Meanwhile Back At The Ranch

January 31st, 2006 · 1 Comment
by Booksquare

As things settle down on the ranch — there is only the faintest hint of dust swirling in the distance — we turn our attention to What Went Wrong. Things were moving along so swimmingly, it looked to be a successful season, and when disaster struck, and disaster is always a possibility, we know that, we didn’t see it coming. But surely someone out there is in charge of the publishing farm?

And increasingly the question becomes “Who?” The front line of defense was formerly editors, those people who labored over each word, each paragraph, each book. Editors are not, nor should they be, fact checkers. Editors should edit, till each book until it emerges healthy and strong. But that sort of care doesn’t jibe with the world we inhabit.

“Publishing has become the land of the nonreturned phone call,” he [William Zinsser] said. “Editors are either in a pre-sales conference, a sales conference, a post-sales conference, or at the Frankfurt Book Fair. They have no time for editing.”

The suggestion is that the labor of policing the industry will fall to those with the least-vested interest: the literary journalists. They do not participate in the bottom line and only a truly juicy scandal — and those simply aren’t as plentiful as one would hope — will create the kind of lucrative windfall that makes the drudgery of exposing truth and lies worthwhile.

Ultimately, the publishing industry will realize that cutting corners isn’t worth the bad publicity (though the current disaster is not necessarily reinforcing this lesson) and do something positive, like let editors edit and fact checkers check and proofreaders proof. Until then, we have the Smoking Gun.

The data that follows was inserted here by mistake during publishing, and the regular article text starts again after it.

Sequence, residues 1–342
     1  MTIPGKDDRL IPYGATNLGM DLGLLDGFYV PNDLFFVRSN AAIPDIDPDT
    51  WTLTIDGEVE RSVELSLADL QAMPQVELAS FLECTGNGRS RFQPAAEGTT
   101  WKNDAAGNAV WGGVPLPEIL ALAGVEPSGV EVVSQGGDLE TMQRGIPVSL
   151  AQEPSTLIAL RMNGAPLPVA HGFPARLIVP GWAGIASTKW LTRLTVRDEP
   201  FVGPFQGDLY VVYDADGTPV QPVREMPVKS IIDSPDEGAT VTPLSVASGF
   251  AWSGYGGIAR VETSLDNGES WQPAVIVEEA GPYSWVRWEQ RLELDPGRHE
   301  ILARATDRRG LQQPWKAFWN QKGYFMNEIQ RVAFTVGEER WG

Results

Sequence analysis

File Under: The Future of Publishing

1 response so far ↓

  • Lorra // Jan 31, 2006 at 2:57 pm

    I still believe that when all is said and done, it’s the author who is responsible for what he or she writes and how that writing is then represented to an agent/publisher.

    But why not lie? We live in a culture where lying is so pervasive it’s lost its ability to shock. Like the daily body count in Irag now relegated to the second page of the daily paper, lying has become quite ho-hum.

    Or is it? Could it be that it’s not our lack of interest but our sense of helplessness that makes us feign disinterest to avoid opening the floodgates to all those harmful stress hormones?

    I believe that we all care deeply about all of these issues but in order to survive emotionally, we have learned to pick our battles.

    Fortunately enough outraged readers chose to pick Freygate as their battle, forcing Oprah to reverse her stand on the book.

    And speaking of memoirs about recovery. Last week PW Daily printed comments by an author who has written an honest accounting of her disease and recovery. I’m only a little way into the book, but it is far more believable than “Pieces” because sensationalism has been kept to a minimum. I’d love to mention the title and the author’s name, but don’t want to hijack Booksquare’s blog.

    Lorra Laven